That investigation showed there were more than 20,000 documented incidents of isolation used in the state from the start of the 2017-2018 school year through December 2018.

 

In Illinois, it is legal to isolate students if they pose a safety threat to themselves or others, the report found, but the practice is used far more than in such situations.

 

“Children were sent to isolation after refusing to do classwork, for swearing, for spilling milk, for throwing Legos. School employees use isolated timeout for convenience, out of frustration or as punishment, sometimes referring to it as ‘serving time,’” according to the report.

 

The report also found that while schools must document isolation instances, that documentation often goes unread, and the Illinois State Board of Education had not collected any data on the practice at the time the article was published.

 

The investigation prompted ISBE to initiate emergency rules banning the use of isolated seclusion in “any educational entity serving public school students in Illinois” in November. A news release at the time said ISBE would begin collecting data to “increase accountability and transparency for all instances of timeout and physical restraint.” The board proposed permanent rules in December.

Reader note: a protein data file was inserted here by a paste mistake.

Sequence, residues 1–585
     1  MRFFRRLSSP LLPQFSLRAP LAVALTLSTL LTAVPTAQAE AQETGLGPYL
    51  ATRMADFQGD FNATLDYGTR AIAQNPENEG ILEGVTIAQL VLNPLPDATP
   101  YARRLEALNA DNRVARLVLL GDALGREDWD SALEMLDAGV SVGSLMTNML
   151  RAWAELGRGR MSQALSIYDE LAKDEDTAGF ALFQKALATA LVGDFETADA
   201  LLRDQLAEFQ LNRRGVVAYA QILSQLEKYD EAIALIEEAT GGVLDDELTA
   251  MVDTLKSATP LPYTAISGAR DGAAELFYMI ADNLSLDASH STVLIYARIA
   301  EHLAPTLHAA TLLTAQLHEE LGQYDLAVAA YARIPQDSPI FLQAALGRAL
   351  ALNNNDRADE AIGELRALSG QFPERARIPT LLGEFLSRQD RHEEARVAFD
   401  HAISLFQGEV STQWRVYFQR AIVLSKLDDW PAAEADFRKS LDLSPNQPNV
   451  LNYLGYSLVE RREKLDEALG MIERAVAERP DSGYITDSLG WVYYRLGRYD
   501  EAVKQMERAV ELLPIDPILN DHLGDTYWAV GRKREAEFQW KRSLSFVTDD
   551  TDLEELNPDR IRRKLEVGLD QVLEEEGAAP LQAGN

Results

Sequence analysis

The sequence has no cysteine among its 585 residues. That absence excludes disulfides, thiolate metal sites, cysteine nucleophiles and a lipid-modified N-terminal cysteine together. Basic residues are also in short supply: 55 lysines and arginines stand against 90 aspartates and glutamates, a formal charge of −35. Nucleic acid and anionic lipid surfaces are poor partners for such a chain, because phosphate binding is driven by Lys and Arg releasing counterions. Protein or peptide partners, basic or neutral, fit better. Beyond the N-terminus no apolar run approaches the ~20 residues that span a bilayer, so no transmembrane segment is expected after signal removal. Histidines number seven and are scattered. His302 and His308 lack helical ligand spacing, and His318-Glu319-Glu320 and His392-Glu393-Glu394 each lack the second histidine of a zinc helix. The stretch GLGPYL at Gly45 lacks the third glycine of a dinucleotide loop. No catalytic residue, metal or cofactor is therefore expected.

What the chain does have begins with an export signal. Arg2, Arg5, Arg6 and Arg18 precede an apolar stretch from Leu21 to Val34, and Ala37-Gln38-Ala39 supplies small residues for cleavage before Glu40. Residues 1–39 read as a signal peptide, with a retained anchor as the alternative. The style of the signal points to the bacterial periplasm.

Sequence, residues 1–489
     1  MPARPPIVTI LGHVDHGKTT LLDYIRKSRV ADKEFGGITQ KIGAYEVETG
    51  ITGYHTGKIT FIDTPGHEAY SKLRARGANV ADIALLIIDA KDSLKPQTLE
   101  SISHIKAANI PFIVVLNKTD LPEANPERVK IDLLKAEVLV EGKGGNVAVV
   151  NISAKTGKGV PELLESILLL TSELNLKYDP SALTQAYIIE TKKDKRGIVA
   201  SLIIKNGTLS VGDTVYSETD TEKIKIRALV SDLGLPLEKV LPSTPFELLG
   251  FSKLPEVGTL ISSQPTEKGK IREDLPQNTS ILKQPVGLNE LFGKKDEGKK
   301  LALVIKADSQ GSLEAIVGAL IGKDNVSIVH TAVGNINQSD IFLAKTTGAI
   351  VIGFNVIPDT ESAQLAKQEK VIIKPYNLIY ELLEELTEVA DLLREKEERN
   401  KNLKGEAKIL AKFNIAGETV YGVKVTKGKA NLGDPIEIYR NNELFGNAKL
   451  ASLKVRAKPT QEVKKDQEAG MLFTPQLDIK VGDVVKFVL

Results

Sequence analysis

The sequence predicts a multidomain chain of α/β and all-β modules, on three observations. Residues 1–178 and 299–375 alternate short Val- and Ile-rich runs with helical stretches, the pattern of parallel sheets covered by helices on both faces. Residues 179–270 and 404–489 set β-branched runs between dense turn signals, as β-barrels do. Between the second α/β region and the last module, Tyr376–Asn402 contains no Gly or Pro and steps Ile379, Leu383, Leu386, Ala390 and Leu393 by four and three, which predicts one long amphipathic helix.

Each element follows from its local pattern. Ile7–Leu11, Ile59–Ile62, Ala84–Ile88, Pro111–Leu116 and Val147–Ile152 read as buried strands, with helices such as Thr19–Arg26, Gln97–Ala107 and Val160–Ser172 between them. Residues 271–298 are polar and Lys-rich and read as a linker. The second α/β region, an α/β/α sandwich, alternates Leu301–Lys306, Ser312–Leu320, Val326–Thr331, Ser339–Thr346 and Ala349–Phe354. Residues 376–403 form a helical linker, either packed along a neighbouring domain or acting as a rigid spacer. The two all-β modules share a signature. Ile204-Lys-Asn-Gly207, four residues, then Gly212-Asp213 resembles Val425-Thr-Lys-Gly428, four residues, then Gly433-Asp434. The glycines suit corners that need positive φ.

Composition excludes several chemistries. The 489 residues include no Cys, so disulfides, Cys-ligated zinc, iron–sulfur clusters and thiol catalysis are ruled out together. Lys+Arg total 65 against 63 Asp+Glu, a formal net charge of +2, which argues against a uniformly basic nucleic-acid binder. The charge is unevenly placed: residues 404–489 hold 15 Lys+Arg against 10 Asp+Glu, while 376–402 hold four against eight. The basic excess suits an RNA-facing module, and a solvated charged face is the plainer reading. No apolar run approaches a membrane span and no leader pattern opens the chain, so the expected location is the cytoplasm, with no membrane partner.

At the committee hearing Tuesday, Amanda Elliott, co-director of legislative affairs at ISBE, said the emergency rules allowed ISBE to collect data on the use of seclusion and restraint in prior years. She said ISBE is reviewing the data for violations which would prompt investigations and potential disciplinary action. She said nine investigations are pending as a result.

 

She said sanctions resulting from violations could result in licensure suspension, professional development requirements or even criminal charges for individuals. For schools, recognition status could be affected, which would impact funding, she said.

 

* * *

 

PROPERTY TAXES: A task force formed to study ways to reduce property tax burden on Illinois residents is calling for consolidation of school districts and other local units of government and a boost in the state’s share of funding for K-12 education.

 

Those and other recommendations are part of a draft report circulated among the 88-member Property Tax Relief Task Force that state lawmakers formed during the 2019 session. A final report is expected to be released before the 2020 legislative session begins Jan. 28.

 

The bill creating the task force was part of a package of legislation also including a proposed constitutional amendment to allow for a graduated income tax. And while the draft report does not mention the proposed amendment, which will appear on the November general election ballot, Democratic Gov. J.B. Pritzker has said that he wants at least some of the new income tax revenue to be used for property tax relief if voters approve the amendment.